Bred for vi­o­lence?

Sup­port­ers say pit bulls have been given a bad rap in the me­dia

The Covington News - - FRONT PAGE - By Jenny Thompson

The me­dia cov­er­age of ac­cused Michael Vick’s dog fight­ing ring and of vi­cious dogs man­gling small chil­dren has in­creased the num­ber of calls the New­ton County Sher­iff’s Of­fice re­ceives re­port­ing ca­nine be­hav­ior.

Sher­iff Joe Nichols said he was shocked to dis­cover the NCSO has fielded 764 calls re­lat­ing to dogs since Jan. 1 of this year. That’s an av­er­age of three calls a day.

Cer­tain breeds such as pit bulls, Ger­man shep­herds, chows and other large breed dogs are at the cen­ter of the Vick and var­i­ous at­tack sto­ries, but Nichols said the NCSO has no way to track cer-

“I thought they were wild, crazy dogs un­til I un­der­stood them. I found out they are very in­tel­li­gent dogs — they’re just high en­ergy dogs.”

tain breeds in the calls they an­swer.

“ If you asked us, we could find out in the com­puter how many left- handed fe­males had a wreck at a par­tic­u­lar in­ter­sec­tion at 3: 15,” Nichols said, “ but we don’t have in­for­ma­tion about spe­cific breeds of dogs in­volved in in­ci­dent calls.”

He ex­plained that un­less an­i­mal cru­elty or an at­tack has oc­curred, dis­patch will for­ward calls about dogs to New­ton County An­i­mal Con­trol.

— Gary Gschwind Owner, Rock­dale Ken­nels

“ Par­tic­u­larly now, we get com­plaints about pit bulls run­ning loose even if they’re friendly,” said Teri Key- Hoo­son, di­rec­tor of NCAC.

She said if NCAC of­fi­cers pick up a dog they deem vi­cious be­cause it chased or bit some­one or an­other an­i­mal, the shel­ter will house the an­i­mal for three work­ing days to al­low the owner to claim it.

If an owner does come to claim a vi­cious dog, he or she must com­ply with an or­di­nance re­quir­ing the dog to be housed in a pen with sides, top and bot­tom or the owner will face crim­i­nal charges.

Key- Hoo­son said cer­tain breeds of dogs are not in­her­ently more dan­ger­ous than oth­ers, but some large dogs have the po­ten­tial to do greater dam­age if they at­tack.

“Any­thing with teeth can bite,” Key- Hoo­son said.

Nichols ex­plained how in his pa­trol ex­pe­ri­ence, large dogs were usu­ally not the ones to worry about.

“ It’s been a while since I’ve been out on the road,” Nichols said, “ but in my ex­pe­ri­ence I’ve been bit­ten more by small dogs than I have by big dogs.”

Gary Gschwind, owner of Rock­dale Ken­nels on Ga. High­way 20 in Cony­ers, has had his share of bites in the 27 years he has op­er­ated the ken­nel but agreed with Nichols that smaller dogs such as cocker spaniels are more de­fen­sive and bite more than large breeds.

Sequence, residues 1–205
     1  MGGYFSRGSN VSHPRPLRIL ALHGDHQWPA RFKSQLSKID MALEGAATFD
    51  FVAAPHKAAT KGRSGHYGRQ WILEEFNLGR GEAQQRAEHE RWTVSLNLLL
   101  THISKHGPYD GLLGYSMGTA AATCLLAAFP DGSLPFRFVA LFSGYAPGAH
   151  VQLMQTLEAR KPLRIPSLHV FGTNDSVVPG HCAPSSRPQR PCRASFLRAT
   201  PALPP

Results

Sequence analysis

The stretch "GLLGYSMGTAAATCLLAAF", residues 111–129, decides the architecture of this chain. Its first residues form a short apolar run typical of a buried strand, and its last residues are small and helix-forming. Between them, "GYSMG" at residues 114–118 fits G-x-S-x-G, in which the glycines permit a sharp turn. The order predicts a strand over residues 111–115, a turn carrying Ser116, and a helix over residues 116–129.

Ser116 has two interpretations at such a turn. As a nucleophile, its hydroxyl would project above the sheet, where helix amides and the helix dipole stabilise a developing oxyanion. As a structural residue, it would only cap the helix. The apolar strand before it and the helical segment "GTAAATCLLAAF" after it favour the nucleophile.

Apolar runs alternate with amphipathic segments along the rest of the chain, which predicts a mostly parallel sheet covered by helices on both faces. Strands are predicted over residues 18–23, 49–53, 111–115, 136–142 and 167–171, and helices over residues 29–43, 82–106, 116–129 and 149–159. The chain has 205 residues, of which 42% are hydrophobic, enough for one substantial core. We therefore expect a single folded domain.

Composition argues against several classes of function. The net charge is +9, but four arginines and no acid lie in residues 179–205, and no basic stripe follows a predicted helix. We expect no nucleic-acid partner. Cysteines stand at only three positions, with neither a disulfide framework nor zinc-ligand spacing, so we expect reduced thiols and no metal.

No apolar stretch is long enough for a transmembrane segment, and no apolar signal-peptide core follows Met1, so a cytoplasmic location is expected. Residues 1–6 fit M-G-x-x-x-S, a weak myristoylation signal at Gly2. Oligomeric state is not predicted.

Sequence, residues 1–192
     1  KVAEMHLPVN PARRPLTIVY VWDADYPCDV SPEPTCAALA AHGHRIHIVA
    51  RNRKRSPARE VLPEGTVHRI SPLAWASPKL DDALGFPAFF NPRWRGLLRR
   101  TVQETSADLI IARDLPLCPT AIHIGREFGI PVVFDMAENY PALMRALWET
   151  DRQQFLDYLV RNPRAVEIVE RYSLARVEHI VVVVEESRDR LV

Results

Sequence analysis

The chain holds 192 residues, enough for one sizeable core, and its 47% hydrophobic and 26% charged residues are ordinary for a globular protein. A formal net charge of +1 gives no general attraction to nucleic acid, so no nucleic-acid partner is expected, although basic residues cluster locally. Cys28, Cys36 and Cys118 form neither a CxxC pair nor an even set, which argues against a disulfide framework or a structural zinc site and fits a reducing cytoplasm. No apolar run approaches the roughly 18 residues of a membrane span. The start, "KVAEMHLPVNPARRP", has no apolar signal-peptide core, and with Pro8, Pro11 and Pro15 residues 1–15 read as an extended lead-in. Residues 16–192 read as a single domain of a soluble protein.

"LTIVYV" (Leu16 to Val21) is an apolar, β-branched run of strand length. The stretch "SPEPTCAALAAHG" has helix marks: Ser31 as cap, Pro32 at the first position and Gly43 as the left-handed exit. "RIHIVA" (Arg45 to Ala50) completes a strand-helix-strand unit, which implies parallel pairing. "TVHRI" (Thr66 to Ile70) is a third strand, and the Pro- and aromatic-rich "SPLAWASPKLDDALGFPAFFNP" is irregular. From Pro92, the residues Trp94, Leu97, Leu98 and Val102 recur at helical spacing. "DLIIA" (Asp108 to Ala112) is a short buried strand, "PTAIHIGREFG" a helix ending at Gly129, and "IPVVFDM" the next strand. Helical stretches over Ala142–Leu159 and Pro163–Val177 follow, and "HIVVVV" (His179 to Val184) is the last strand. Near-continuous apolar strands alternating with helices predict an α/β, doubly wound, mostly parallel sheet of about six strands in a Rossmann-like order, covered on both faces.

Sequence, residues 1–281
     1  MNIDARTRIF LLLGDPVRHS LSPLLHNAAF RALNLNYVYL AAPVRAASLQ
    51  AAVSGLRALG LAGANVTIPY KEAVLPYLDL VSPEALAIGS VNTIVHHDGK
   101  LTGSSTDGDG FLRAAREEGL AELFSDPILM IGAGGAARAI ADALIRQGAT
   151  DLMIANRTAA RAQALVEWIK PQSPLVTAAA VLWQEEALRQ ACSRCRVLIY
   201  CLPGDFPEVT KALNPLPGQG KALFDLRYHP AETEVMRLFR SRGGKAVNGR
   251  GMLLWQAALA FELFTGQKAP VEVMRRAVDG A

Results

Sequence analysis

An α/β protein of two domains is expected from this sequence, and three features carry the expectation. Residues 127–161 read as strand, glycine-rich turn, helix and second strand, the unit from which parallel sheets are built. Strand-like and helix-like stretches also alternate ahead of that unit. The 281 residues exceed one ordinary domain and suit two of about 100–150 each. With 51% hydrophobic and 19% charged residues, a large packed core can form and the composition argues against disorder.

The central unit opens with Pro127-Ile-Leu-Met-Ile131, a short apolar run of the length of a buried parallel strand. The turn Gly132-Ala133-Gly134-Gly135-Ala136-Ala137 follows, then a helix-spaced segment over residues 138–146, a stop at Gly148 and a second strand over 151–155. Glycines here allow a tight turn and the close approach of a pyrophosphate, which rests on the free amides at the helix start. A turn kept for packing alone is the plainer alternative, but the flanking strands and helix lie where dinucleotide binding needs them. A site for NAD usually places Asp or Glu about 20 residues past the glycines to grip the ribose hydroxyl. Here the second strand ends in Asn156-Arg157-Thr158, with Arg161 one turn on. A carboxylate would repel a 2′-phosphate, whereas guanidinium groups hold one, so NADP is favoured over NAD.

“ Those are the guys you have to watch out for,” Gschwind said.

Both Key- Hoo­son and Gschwind agree that dogs are not born dan­ger­ous, but their own­ers or en­vi­ron­ments can con­di­tion them to be fe­ro­cious.

Even dogs bred to fight other dogs are usu­ally still friendly to­ward hu­mans, ac­cord­ing to Gschwind but are more likely to at­tack since that’s all they know.

Dogs crated ex­ces­sively or chained also have a greater po­ten­tial to at­tack be­cause they feel threat­ened or de­fen­sive while in cap­tiv­ity. Gschwind also ex­plained dogs that need lots of ex­er­cise but who are not al­lowed to be ac­tive can cause prob­lems with their so­cial be­hav­ior.

Par­ents or guardians should never leave small chil­dren unat­tended with any dog that is not familiar with the child and should ed­u­cate their chil­dren about what may hap­pen if they approach an unfamiliar dog or pet one in­ap­pro­pri­ately.

Gschwind sug­gests only adopt­ing pets if you can give them what they need such as ad­e­quate phys­i­cal ac­tiv­ity, ap­pro­pri­ate space and plenty of at­ten­tion and af­fec­tion.

He said all dog own­ers — of breeds large and small — should at­tend a ba­sic obe­di­ence pro­gram with their dogs, be­cause own­ers need to al­ways be in con­trol of their an­i­mals.

Sev­eral years ago, Gschwind had his first en­counter with a pit bull when he adopted Bruiser — a stout, 90- pound black and white pit bull and Stafford­shire bull ter­rier mix.

“ I thought they were wild, crazy dogs un­til I un­der­stood them,” Gschwind said. “ I found out they are very in­tel­li­gent dogs — they’re just high en­ergy dogs.”

Bruiser be­came Gschwind’s star Schutzhund dog. Schutzhund mean’s “ pro­tec­tion dog” in Ger­man, and they are trained for po­lice work, search and res­cue mis­sions or sim­ply sport. The ba­sic idea is for the dog to fear noth­ing and obey their train­ers im­pec­ca­bly.

“ He was a dy­na­mite dog,” Gschwind said. “ You could do any­thing with this dog — dress him up or put him in a com­pe­ti­tion or have preschool­ers all around him.”

He ex­plained how pit bulls were bred in the 19th cen­tury to kill mice, rats and other pests in homes and busi­nesses. As men­ac­ing as they look and sound, Gschwind said their out­ward ap­pear­ance is very de­ceiv­ing.

“ Most of the pits that come in here are sweet, good dogs,” Gschwind said. “ They’re very lov­ing to­ward peo­ple.”

Gschwind said some dogs may act ag­gres­sively to­ward other an­i­mals, but ag­gres­sion to­ward hu­mans usu­ally stems from abuse, train­ing or en­vi­ron­ment.

“ It comes down to the owner,” Gschwind said. “ Ev­ery­body’s re­spon­si­ble for the dogs they own.”

Mandi Singer/The Cov­ing­ton News

Man’s best friend: Rock­dale Ken­nels owner and New­ton County res­i­dent Gary Gschwind spends qual­ity time rol­lick­ing with his 85- pound pit bull Amos Tues­day af­ter­noon at the Cony­ers ken­nel.

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